How to Clean an Outside Dryer Vent

Cleaning Outside Dryer Vent

Penbaypilot.com 

When was the last time you walked outside and took a look at your home's outside dryer vent? It's probably not on a list of the chores you do regularly, but it should be.

Why Worry About the Outside Dryer Vent?

Fires that begin from clothes dryers that are clogged with lint are second only to kitchen fires as the leading cause of home fire damage. Accumulated lint and dust leads the list of why laundry room fires occur far ahead of wiring problems or other issues. While emptying the dryer lint screen after every load is essential to preventing fires, a properly installed and maintained dryer vent system is also key.

The majority of properly installed dryer vent systems lead to an exhaust escape vent on an exterior wall or roof line. Keeping the outside dryer vent clean is essential to dryer safety and efficiency and to prevent structural moisture problems. Most outside dryer vents have hinged slats or "doors" that are forced open when the dryer is running to allow moisture and lint to escape. If these become clogged with lint, the moisture will remain in the dryer venting, making your dryer work harder. If your dryer is taking longer and longer to complete a load, check the outside vent. The moisture and presence of lint will also allow mold and mildew to grow in laundry area walls and floor.

At least quarterly, check the exterior vent while the dryer is running to make sure the slats are opening freely. If not, turn off the dryer and open the vent manually. Inspect the hinges for rust and oil lightly with a lubricant if needed. The vent should also be inspected for cracks or missing parts. Missing parts can allow insects and vermin to enter the ductwork and your laundry area, and no one wants that.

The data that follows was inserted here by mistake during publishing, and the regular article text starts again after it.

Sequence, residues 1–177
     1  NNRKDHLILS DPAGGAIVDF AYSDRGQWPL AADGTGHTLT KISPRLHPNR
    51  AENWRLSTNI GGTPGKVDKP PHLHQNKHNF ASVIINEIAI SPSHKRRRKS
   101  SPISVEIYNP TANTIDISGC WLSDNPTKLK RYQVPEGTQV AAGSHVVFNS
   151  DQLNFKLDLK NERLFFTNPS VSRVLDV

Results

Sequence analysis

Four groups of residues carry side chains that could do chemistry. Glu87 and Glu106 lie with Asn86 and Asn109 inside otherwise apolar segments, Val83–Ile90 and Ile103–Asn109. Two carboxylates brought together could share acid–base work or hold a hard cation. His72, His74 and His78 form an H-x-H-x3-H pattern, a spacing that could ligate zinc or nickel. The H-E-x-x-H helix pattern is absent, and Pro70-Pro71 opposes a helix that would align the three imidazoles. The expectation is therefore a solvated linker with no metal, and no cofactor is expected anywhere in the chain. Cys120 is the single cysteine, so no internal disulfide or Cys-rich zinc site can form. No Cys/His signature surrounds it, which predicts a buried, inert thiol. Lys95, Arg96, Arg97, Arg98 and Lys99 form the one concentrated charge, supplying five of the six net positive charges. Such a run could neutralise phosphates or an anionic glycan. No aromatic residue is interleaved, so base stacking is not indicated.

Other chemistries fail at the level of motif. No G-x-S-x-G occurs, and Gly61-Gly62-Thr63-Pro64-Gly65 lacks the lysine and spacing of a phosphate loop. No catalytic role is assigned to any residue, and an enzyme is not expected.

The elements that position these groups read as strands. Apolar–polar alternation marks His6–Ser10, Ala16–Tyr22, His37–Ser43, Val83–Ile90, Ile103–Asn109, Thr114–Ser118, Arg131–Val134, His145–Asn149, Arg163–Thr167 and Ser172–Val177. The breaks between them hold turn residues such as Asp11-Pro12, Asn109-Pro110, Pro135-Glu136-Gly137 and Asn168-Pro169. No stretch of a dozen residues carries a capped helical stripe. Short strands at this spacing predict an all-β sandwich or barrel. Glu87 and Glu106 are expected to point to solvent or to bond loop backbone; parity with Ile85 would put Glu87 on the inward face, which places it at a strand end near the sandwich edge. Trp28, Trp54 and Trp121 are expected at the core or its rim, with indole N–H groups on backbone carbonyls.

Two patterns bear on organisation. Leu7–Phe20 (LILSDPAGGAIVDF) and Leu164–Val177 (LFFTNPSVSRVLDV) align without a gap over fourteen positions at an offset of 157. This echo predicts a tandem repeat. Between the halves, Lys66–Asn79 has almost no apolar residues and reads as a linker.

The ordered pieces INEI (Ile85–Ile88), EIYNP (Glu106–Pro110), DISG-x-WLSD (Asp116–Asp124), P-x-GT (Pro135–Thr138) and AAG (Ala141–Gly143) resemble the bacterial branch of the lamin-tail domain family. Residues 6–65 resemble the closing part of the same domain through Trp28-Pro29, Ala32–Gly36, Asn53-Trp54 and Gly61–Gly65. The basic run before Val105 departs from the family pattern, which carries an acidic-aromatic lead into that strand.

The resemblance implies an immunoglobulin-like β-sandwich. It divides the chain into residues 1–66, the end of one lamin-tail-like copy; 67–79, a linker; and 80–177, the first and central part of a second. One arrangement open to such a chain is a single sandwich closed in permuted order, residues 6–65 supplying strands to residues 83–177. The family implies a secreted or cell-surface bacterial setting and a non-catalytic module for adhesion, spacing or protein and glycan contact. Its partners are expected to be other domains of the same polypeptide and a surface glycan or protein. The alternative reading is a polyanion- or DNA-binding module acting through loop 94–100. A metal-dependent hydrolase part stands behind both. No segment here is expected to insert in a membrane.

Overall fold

Regular cleaning is especially important in humid climates where moisture can cause lint to mat and cling to the vent causing it to malfunction. Use your hand or a long, wire brush to remove the clogging lint.

Keep the Outside Vent Air Flowing

In addition to cleaning the outside vent regularly, it is important to maintain an unblocked flow of air into and out of the vent. You should follow these tips:

  • Do not plant large, dense shrubs in front of the outside dryer vent.
  • Do not allow yard debris (leaves, pine straw, mulch) to block the vent.
  • Do not allow snow to pile up in front of the vent. The hot air exhausted from the vent may temporarily melt the snow but it will refreeze and cause more problems.

Which Type of Outside Dryer Vent Is Best?

As you know, clothes dryers operate by extracting moisture from clothes through heat and a tumbling action. That moisture must go somewhere. Ventless or non-vented dryers use a holding tank that must be emptied regularly to collect the water and vented dryers expel the moisture through a vent duct into the air. It is recommended that the moisture is expelled outside to prevent excessive mold and mildew-causing moisture from accumulating in a home.

Any breach of the outside wall of a home can cause air and water leaks and pest problems. The dryer vent cover or wall cap as they are called in the building trade is necessary to prevent outside air from entering your home while allowing dryer air and excess lint to escape when needed. The cover also prevents birds or rodents from building nests and blocking the airflow. That's why it is important to select the best dryer vent cover for your climate and exterior home finish.

Dryer vents are available in several designs and materials. You can find both metal and plastic covers. While metal can be painted, most companies offer plastic covers in a number of different colors to match exterior sidings. If using a gas-powered clothes dryer, a metal exterior vent is highly recommended.

The best type of exterior wall vent cover is made of metal and has a magnetic door or damper that remains closed when the dryer is not in use. When the dryer is activated, the door will automatically open as the air is expelled. This type is more expensive than the plastic covers with several slats that open when air flow begins but do not "latch" when the dryer is not operating.